The changes of position gone through by noontide sun and noontide shadow during the year at the Equator may now be thus summed up: In the beginning of January the sun is somewhat to the south of the Equator, and shadows of things, three-fifths of the natural size, stretch northward along the ground. In the end of March the sun is overhead at noon, and the world is then shadowless. By the beginning of July he is as far north as he was south in January; and, on the other hand, the shadows of all things stretch as far to the south as they then did to the north. In September he is again overhead, and nature is again shadowless at noon.
SINKING OF THE NORTH POLE STAR.
A STAR has left the kindling sky
A lovely northern light;
How many planets are on high,
I miss its bright familiar face;
It rose upon our English sky,
Shone o'er our English land,
It seemed to answer to my thought;
And with its welcome presence brought
The voyage it lights no longer, ends
Fresh from the pain it was to part
How could I bear the pain?
Yet strong the omen in my heart
Meet with a deeper, dearer love:
That none looked up with me.
I seem to stand beside a grave,
Farewell! ah, would to me were given
Kind messages of love and hope
Upon thy rays should be:
Oh, fancy vain, as it is fond,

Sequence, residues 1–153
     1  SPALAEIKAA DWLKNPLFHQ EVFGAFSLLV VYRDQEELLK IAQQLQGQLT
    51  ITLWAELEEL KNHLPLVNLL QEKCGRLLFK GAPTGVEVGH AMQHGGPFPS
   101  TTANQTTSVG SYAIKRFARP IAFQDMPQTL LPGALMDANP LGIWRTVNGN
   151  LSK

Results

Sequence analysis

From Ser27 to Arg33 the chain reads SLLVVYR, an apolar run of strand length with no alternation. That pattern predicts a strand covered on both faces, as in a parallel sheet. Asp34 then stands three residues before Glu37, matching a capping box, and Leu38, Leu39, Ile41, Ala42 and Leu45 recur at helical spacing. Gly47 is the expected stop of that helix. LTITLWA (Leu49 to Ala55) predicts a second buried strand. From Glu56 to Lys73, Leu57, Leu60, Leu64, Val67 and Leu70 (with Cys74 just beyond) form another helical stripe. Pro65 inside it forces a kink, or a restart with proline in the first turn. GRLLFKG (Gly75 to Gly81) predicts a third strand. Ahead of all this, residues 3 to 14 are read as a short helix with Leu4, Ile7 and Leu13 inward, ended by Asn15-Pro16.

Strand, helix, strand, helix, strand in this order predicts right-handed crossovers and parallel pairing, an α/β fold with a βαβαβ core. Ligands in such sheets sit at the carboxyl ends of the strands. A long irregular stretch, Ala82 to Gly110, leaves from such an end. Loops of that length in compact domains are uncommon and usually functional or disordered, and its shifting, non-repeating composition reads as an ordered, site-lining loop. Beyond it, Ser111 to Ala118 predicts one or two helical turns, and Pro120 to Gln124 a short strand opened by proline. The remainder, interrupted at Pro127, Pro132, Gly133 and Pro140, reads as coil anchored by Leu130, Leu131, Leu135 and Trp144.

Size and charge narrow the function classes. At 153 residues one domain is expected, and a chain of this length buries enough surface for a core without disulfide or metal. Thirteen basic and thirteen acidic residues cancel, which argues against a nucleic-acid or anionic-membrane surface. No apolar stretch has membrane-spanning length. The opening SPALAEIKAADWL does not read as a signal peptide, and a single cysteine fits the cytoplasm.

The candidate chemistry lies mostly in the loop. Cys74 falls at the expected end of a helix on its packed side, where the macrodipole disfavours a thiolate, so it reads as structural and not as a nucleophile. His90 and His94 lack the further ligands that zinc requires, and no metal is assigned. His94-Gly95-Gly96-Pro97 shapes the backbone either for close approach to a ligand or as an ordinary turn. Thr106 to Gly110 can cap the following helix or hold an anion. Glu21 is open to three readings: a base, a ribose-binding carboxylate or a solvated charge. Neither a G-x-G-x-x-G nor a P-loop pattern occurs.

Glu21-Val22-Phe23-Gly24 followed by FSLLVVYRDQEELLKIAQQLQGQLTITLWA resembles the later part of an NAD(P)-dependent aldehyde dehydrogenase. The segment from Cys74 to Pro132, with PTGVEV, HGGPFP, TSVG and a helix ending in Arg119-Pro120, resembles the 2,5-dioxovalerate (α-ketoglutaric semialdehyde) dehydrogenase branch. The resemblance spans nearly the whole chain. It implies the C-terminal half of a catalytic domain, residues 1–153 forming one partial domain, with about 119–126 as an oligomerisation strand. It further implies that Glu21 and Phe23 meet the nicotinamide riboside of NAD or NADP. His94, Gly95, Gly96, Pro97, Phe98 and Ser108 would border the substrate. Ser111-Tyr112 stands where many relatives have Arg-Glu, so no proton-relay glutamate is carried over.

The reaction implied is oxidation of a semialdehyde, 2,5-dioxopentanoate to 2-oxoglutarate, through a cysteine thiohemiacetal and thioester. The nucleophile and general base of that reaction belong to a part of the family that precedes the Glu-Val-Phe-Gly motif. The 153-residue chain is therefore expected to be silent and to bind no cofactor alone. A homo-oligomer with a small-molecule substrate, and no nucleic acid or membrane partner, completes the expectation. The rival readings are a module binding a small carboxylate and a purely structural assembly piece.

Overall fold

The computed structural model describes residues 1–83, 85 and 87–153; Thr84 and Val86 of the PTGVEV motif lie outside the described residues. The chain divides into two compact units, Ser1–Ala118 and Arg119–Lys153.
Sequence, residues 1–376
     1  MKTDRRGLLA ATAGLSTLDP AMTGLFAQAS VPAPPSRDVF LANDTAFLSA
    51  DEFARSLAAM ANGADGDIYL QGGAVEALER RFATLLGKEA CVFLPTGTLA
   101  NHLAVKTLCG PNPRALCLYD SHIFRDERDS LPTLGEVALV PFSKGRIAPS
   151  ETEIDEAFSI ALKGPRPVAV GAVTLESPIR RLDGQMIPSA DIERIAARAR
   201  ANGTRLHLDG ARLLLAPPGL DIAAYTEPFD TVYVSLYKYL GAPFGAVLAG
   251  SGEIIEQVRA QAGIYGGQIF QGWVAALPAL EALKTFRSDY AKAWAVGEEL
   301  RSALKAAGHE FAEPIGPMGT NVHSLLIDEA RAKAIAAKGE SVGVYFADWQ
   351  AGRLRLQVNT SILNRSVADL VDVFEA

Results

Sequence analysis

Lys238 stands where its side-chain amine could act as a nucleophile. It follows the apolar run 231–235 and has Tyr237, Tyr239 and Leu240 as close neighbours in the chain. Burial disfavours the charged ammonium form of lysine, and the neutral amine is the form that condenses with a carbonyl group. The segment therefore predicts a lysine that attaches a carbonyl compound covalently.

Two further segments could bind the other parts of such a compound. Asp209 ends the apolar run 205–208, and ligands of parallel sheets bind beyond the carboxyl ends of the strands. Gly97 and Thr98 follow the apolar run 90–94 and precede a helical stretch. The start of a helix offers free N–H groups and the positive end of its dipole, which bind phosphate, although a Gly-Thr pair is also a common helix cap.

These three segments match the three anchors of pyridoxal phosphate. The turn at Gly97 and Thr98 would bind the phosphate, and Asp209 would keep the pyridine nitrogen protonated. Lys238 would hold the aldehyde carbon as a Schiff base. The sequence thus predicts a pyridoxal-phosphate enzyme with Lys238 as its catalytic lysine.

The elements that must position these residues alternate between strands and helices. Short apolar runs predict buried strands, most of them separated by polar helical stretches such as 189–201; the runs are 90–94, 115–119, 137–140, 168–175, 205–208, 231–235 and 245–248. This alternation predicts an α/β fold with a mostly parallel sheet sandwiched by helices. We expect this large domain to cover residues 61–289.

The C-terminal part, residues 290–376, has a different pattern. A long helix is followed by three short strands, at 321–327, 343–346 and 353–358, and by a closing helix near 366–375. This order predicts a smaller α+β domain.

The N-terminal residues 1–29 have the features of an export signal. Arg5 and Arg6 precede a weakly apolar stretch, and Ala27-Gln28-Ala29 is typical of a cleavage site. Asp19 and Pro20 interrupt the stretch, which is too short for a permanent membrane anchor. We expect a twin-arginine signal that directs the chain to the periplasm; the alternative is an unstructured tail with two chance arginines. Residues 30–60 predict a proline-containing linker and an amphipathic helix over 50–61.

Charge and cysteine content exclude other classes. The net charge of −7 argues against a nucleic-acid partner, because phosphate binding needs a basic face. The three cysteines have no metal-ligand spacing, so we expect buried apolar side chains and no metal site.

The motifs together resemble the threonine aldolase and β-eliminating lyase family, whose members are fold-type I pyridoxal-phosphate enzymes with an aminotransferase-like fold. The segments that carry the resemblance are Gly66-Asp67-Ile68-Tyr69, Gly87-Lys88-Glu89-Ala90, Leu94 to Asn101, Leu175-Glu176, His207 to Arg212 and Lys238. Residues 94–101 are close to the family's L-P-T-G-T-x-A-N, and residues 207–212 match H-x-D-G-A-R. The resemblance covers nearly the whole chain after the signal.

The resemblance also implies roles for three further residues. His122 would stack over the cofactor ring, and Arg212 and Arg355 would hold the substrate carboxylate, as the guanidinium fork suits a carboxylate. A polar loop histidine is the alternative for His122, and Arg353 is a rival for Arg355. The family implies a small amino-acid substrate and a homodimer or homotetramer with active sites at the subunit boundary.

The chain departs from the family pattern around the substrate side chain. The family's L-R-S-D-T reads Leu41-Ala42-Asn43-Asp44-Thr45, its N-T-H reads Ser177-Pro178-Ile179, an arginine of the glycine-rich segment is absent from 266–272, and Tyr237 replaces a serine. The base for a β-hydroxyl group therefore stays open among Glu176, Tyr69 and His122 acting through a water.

And little needed too!
My friends-I need not look beyond
L. E. LANDON.
THIS giant among the rivers of the earth takes its rise among the glaciers of the Cordilleras. The first European who sailed down its mighty waters (in 1541) was Orellana, a Portuguese. He reported that he had met with a nation of female warriors on its banks; and hence, though this was a fable, arose the name Amazona.
After emerging from the Andes, swelled by tributary streams, it winds through the vast savannahs of South America, till it has run a course of nearly four thousand miles. Before reaching the Atlantic, the vast flood is fifty miles wide, and in mid-channel the opposite coasts are not visible. It seems more like a fresh-water sea than a river. At its mouth a vehement struggle takes place between the river flowing down and the tide running up. Twice every day they dispute the preeminence; and in the meeting of the enormous masses of water a ridge of surf and foam is raised to a height of one hundred and eighty feet.